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By: Julia John

Nine-and-a-half years ago, lifelong gardener Kathy Jentz pushed to convert a brownfield site by her Silver Spring home into a community garden to expand sunny growing space for nearby urban residents. Today, with the removal of several inches of gravel, the addition of several tons of topsoil, and the dedication of dozens of local gardeners, the Fenton Community Garden is a productive Climate Victory Garden mere steps past the Washington, D.C. border. It’s one of hundreds in the D.C. metro area that not only offers fresh produce but also offsets greenhouse gas emissions.

““The more we can do it [offset carbon], the better,”

—Kathy Jentz
Photo Credit: Kathy Jentz

“The more we can do it [offset carbon], the better,” said Washington Gardener Magazine editor Jentz. She plants lettuce, radish, asparagus, strawberry, and thornless blackberry for publication research alongside her interns on one of the garden’s 44 plots.

Launched in D.C. in 2018, Green America’s Climate Victory Gardens campaign encourages gardeners of all levels worldwide to mitigate climate impacts by planting gardens, restoring soil health, and sequestering atmospheric carbon. The nonprofit modeled the effort on the world-wars-era victory gardening movement, when 20 million gardeners, united by the urgent cause of supporting the troops, grew two-fifths of the United States’ fruits and vegetables.

Now, across the D.C. region, households, community gardens, urban farms, schools, businesses, and other organizations tend to over 400 Climate Victory Gardens.

“Together, they span nearly 14 acres and draw down approximately 35 tons of carbon per year—equivalent to offsetting roughly 284,000 miles driven.”

—Julia john

“Garden activism is real and powerful,” said Carissa Tirado-Marks, school garden and sustainability coordinator at Mundo Verde Bilingual Public Charter School in D.C.

A Climate Victory Garden can be just a couple square feet or even a few indoor pots. With the right methods, any garden can enhance soil, capture carbon, and produce healthy food.

Climate Victory Gardening follows ten practices that protect the soil, store carbon in it, and cut emissions from garden inputs. Basic steps involve covering soils with organic matter, composting, avoiding chemicals, and promoting biodiversity. Additional tips include incorporating perennial and native plants.

Photo Credit: Kathy Jentz

“Gardens have a special place in urban settings,” said Jes Walton, Food Campaigns Director at Green America. “They’re a way for folks to connect to the land. They provide an opportunity for community building. In D.C., gardens have played an important role in human and ecological health and increasing food security, from World-War-I Victory Gardens to today’s Climate Victory Gardens.”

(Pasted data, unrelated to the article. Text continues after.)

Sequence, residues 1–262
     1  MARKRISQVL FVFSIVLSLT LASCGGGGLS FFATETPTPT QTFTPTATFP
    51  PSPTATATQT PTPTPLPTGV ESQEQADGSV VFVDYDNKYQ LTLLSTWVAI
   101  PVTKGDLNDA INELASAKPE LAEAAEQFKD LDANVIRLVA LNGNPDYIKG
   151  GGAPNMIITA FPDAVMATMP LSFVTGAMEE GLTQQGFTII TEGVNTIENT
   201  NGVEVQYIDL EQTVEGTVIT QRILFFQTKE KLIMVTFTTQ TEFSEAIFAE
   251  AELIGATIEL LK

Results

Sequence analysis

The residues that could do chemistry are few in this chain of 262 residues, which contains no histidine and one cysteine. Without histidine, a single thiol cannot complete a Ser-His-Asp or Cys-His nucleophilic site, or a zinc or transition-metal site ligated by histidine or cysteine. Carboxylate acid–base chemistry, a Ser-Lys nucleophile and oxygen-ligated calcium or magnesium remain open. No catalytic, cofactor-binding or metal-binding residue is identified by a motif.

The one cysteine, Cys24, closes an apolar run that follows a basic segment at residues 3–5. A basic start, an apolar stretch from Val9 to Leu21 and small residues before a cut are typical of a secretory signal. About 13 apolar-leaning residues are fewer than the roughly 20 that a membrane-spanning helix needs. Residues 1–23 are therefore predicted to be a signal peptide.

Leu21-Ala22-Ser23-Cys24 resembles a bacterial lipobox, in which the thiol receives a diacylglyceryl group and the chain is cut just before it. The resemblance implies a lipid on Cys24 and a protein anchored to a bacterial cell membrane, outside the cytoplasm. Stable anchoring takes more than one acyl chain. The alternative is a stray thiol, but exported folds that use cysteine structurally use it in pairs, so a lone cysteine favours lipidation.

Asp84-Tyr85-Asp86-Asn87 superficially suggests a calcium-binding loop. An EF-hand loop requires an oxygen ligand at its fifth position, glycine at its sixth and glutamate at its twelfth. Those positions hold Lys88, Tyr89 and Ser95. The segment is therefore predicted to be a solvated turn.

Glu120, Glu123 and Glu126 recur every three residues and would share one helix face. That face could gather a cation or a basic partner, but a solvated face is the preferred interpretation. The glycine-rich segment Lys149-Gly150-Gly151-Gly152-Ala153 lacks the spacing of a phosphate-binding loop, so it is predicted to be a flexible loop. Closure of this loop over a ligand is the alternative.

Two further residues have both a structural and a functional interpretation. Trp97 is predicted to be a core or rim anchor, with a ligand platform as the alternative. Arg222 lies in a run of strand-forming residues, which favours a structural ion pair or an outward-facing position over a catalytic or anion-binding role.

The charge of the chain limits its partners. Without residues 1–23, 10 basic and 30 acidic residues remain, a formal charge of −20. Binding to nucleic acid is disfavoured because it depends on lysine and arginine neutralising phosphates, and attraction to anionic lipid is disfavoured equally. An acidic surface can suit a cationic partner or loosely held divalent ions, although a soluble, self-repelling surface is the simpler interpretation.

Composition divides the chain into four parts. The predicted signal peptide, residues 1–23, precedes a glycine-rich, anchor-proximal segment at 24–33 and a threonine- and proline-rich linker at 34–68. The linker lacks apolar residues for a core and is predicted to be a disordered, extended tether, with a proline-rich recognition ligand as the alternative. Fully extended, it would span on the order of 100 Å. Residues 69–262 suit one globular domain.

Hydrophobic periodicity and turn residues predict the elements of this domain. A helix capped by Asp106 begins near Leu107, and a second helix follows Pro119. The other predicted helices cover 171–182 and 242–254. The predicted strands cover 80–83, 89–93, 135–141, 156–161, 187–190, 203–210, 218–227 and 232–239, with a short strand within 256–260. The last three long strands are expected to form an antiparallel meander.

The 2.7-acre Glover Park Community Garden is the District’s largest Climate Victory Garden. Situated within Rock Creek Park, it actually began as a Victory Garden that tackled World-War-II food shortages. Today, its 150 plots supply organic vegetables and herbs for household, charitable, and instructional use. 

Many smaller D.C. gardens joined the Climate Victory Gardens campaign through Love & Carrots, a woman-owned company that has installed organic vegetable and flower gardens around the city since 2011. The landscapers also help clients care for gardens via coaching and maintenance programs.

Photo Credit: Carissa Tirado-Marks

Schools are popular locations for Climate Victory Gardens. In 2014, Mundo Verde’s Truxton Circle campus transformed 700 square feet of asphalt into a bounty of greens, peas, turnips, sunchokes, squashes, cabbages, celery, peppers, tomatoes, berries, figs, watermelons, herbs, and native species.

“A lot of people walk by during the day…ask about what is growing in the garden and leave with their arms full of greens and herbs,” Tirado-Marks said.

The space commemorates the land’s indigenous roots and grows food for students, their families, and the afterschool garden market by harnessing soil-building techniques, she said. These include rotating crops, leaving soils undisturbed, using cover crops in the cold season, and applying compost from the garden’s compost system and from its hens and worm bins.

Through engaging with this outdoor classroom and urban wildlife habitat, Tirado-Marks said, “students learn that natural, social, and economic systems are linked and interdependent. They build a foundation for understanding and treasuring ecological systems and begin to understand intergenerational responsibility and act with this mindset.” 

Photo Credit: Carissa Tirado-Marks

“They build a foundation for understanding and treasuring ecological systems and begin to understand intergenerational responsibility and act with this mindset.”

—Carissa Tirado-Marks

As an educator, she believes that “growing hyper-locally and keeping healthy food in communities should not be revolutionary.” And she hopes that “society will recognize the value of gardens—for learning, for healing, and for survival—and that eventually, gardens will be supported and evenly distributed throughout D.C. and beyond.”

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Julia John is a former Green America food campaigns intern. She received a Masters in Environmental Sciences and Policy from Johns Hopkins University in 2020 and currently writes about sustainable agriculture for Food Tank.